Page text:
Screen scribes are enjoying an increasing presence in bookstores, where scripts published as slim trade paperbacks appear simultaneous with a movie’s release.
Screenplay publishing was once reserved for titles with film scholar appeal, or master scribes like Preston Sturges, Robert Riskin or Woody Allen, whose “collected works” appeared in bulky tomes.
Today, one can walk into such mainstream chain stores as Brentano’s or Barnes & Noble and find most of the standouts from 2003, from John Brownlow’s “Sylvia,” to Richard Curtis’ “Love Actually” and Gary Ross’ adaptation of “Seabiscuit.” They come from an array of publishers, in this case Newmarket Press, St. Martin’s Griffin and Ballantine Books, respectively.
A steady niche
For screenwriters, these books are a new resource, packaged with notes that offer insight into a project’s creative evolution. A few publishers, notably Faber & Faber and Newmarket Press, are finding a steady niche business in this area, publishing dozens of new titles a year.
Does this mean screenplay publishing rights are a lucrative new ancillary for writers? Not exactly. In the U.S., film studios rather than writers usually own the copyrights to produced screenplays, and benefit from advances and royalties from publishers.
And the money is minor by Hollywood standards. A typical advance is around $5,000, say publishing execs and agents.
“For a lot of studios, it’s not worth having their legal department go through the rights clearance,” says Sue Berger, a former screenplay scout for Penguin Books who’s now a film producer (“The Missing”).
The push to publish, then, tends to be initiated by screenwriters and their agents, or by the publishing houses. “It’s only due to the studios being solicited for permission that these screenplays are being published,” says CAA literary agent Michael Paretzian.
Agents see bookstore sales as beneficial for building reputation and visibility for their clients. Paretzian approached Newmarket with an early cut of the film “Pieces of April,” a UA release written and directed by client Peter Hedges. Newmarket published it, as it had an earlier Hedges script, “About a Boy.”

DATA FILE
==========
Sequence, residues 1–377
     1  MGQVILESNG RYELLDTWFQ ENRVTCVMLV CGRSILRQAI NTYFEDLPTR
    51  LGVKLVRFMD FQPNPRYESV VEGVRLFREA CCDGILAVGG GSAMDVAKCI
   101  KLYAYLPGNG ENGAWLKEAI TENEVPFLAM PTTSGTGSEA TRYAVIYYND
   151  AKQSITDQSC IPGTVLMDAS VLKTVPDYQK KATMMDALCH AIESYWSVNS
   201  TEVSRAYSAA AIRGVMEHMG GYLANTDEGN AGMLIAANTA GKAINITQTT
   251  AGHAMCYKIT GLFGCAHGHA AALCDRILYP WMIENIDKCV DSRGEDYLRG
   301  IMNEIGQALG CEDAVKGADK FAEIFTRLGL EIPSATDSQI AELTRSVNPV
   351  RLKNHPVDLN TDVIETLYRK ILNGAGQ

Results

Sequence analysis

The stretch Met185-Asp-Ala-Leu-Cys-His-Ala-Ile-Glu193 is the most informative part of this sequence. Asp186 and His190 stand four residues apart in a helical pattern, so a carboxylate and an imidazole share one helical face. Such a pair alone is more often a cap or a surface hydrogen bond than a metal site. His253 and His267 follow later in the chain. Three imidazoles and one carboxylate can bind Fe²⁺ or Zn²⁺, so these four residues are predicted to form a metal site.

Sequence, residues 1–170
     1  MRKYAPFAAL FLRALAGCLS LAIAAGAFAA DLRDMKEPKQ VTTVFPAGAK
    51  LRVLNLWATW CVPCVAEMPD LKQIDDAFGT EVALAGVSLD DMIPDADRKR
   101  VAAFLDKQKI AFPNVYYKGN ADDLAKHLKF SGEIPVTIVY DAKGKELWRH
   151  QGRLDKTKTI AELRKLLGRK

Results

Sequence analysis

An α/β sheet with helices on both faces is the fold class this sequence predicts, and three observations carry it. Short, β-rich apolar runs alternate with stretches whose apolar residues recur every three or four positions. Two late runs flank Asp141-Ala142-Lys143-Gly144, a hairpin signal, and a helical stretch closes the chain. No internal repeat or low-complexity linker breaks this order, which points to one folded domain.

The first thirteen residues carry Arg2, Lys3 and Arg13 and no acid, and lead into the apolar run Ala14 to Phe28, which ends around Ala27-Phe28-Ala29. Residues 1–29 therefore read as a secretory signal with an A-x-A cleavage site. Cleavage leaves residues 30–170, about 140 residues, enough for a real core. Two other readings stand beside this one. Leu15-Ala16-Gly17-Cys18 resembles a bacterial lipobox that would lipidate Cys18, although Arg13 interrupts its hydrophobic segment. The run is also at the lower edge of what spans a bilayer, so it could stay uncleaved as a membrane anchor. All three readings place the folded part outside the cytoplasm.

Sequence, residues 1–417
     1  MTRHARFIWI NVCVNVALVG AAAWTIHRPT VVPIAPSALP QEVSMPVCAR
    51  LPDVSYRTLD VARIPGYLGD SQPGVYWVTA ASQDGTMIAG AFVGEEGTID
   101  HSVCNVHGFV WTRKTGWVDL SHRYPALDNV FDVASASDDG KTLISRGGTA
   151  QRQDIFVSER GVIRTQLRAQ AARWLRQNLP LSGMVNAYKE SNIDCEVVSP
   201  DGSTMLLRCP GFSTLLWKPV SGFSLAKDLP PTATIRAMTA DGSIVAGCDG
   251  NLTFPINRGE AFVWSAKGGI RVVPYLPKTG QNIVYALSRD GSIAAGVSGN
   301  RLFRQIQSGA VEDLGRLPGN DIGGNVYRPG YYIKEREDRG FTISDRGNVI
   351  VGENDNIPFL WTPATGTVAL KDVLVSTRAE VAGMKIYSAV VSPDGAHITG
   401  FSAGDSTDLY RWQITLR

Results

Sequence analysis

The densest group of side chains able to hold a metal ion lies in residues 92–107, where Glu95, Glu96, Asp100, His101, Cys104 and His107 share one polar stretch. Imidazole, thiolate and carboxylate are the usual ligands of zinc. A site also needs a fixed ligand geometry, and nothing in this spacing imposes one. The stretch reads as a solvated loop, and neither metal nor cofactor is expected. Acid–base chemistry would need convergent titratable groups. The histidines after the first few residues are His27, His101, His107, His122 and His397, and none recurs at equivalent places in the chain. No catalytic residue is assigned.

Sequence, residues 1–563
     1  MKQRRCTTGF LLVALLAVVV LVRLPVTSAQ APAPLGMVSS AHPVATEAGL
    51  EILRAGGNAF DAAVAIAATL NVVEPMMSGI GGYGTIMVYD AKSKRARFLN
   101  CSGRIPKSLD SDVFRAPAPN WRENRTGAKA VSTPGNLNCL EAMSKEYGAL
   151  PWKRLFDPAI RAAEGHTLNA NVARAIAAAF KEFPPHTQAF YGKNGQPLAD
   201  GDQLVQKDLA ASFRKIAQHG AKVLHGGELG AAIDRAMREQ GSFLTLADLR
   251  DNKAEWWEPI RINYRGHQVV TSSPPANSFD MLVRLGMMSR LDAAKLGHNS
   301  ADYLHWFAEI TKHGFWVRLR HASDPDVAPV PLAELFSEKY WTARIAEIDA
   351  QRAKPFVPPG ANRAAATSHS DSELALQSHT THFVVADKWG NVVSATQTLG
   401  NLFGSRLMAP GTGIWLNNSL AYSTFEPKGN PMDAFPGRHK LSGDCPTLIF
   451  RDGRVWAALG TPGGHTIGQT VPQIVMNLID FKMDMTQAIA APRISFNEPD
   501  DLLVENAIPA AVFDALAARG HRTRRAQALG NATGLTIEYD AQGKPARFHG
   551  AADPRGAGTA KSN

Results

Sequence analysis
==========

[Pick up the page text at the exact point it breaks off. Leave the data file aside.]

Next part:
“It’s partly for posterity,” says Hedges, whose film was a hit at Sundance. “But that’s not really the drive. I wanted to be able to add my notes and comments about what was written, and how it changed and why. I used to be a teacher, and I felt that here was an opportunity to present the work in a way that may be useful to someone else.”
A novelist accustomed to controlling his copyrights, Hedges was able to retain book publishing rights for the “Pieces of April” script in a deal negotiated by his lawyer at his request. But that’s unusual. “Usually the best you can do is get them to freeze the rights,” he says.
A few published scripts sell exceedingly well. “Pulp Fiction” is the leader so far at 100,000 copies sold and counting. “Good Will Hunting” has sold more than 65,000 copies.
“People see these as movies that broke the mold, and if you want to write a screenplay, you read them,” says Jonathan Burnham, executive editor at Miramax Books, which publishes many such titles.
Other top sellers include “Adaptation” and “Being John Malkovich,” both by Charlie Kaufman, Alan Ball’s “American Beauty,” as well as “Fargo” and almost anything else by the Coen brothers.
Hundreds of other contemporary titles are now in print — from such kudos magnets as “21 Grams” and “The Hours” to lower-profile fare like “28 Hours” and “Ararat.” Many more are in the pipeline.
Publishers find the niche attractive because marketing costs are virtually non-existent. Some houses employ reps whose job it is to integrate the titles into film school curriculums; apart from that, sales benefit from studio-funded marketing campaigns and theatrical exposure.
“Then you have the DVD releases,” notes Esther Margolis, president of Newmarket Press, which publishes the Shooting Script series, plus a number of pictorial making-of books. “If the film works and wins awards, and capture’s peoples hearts, you have a long period where you can tie in to that.”
Still, there’s at least one major kudos magnet that won’t be turning up as a published script — “The Lord of the Rings: The Return of the King.” Houghton Mifflin, which controls the copyright to the J.R.R. Tolkien source books, has published 15 tie-in books around the trilogy to date, but none have included the screenplays — nor will they ever.
“The estate set up contractual restrictions against publishing a screenplay,” says Clay Harper, Tolkien projects director at the house. “They wanted to be sure there was no publishing that would substitute for the novels themselves.”